Alligator bites man; man cited
Thursday, July 15, 2010
Media contact: Joy Hill, 352-258-3426
An alligator crossing the road in Sanford Monday
night got a surprise when a man decided to catch it and grabbed it
by its tail. But the alligator's surprise was nothing compared to
the man's when the reptile whipped around and bit him on the leg
and then ran into some bushes.
As if getting bitten once wasn't enough, the man,
who officials said appeared to be intoxicated, reached into the
bushes to grab the gator again, and it obliged him by biting him,
The gator was trying to get to some water when Dirk
Alan Willms, 44, (DOB 08/13/65), of 501 Lemon St., Sanford, decided
to catch it.
Eventually, Willms subdued the 45-inch alligator
and took it to his house. Someone who saw him with the alligator
reported it to the Seminole County Sheriff's Office, which then
called the Florida Fish and Wildlife Conservation Commission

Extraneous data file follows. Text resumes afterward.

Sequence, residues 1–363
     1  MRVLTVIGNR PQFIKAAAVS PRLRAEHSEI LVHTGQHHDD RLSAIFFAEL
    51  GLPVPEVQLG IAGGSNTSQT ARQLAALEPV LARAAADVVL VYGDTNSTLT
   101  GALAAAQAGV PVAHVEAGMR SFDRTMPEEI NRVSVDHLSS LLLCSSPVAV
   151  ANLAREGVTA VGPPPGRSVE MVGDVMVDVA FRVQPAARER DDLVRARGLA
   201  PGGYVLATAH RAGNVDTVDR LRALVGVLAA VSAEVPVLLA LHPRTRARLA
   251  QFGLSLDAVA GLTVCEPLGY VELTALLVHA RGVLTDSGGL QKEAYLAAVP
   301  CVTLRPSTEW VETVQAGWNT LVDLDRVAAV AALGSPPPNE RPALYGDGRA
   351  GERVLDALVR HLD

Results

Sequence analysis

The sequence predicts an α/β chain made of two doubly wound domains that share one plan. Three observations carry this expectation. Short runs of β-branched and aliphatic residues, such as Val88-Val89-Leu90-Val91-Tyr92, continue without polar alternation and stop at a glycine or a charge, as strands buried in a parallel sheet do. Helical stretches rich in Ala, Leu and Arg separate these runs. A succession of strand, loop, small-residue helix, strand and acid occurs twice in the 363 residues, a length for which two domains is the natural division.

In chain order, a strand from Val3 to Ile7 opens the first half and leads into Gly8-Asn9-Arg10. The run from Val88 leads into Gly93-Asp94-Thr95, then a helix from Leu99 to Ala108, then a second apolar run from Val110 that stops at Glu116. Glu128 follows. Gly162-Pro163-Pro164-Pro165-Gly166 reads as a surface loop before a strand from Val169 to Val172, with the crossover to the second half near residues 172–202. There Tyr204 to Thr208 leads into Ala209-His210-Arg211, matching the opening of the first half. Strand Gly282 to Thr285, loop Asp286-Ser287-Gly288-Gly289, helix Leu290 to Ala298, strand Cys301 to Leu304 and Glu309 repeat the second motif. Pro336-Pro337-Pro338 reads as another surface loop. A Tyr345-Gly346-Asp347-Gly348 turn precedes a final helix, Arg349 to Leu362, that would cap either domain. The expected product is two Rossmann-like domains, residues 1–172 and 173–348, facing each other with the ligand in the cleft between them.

FWC Law Enforcement Officer Naomii Tye responded to
the call, issued Willms a ticket for possessing an alligator, a
second-degree misdemeanor, and then released the small reptile in
nearby Lake Jesup. The maximum penalty for a second-degree
misdemeanor is 60 days in jail and $500 fine.
While Tye was filling out the citation, Willms
commented that he should have cut the gator's tail off and left it
where he caught it, and that he had caught several alligators in
the past and had never been bitten.
"If someone sees an alligator that they think is a
threat to public safety, they should call the FWC. They should
never try to catch it themselves, no matter how small it is," said
Tye. "As Mr. Willms found out, not only is it dangerous, it's
against the law."
Willms received minor punctures and lacerations,
and Tye instructed him to seek medical attention to avoid infection
from his cuts.
The moral of this gator tale is if something isn't
bothering you, leave it alone.
Catching and possessing alligators without a permit
is against the law. Violators should be reported to the FWC's
Wildlife Alert Hotline at 888-404-3922. Callers may remain
anonymous and may be eligible for a reward if their information
leads to arrest.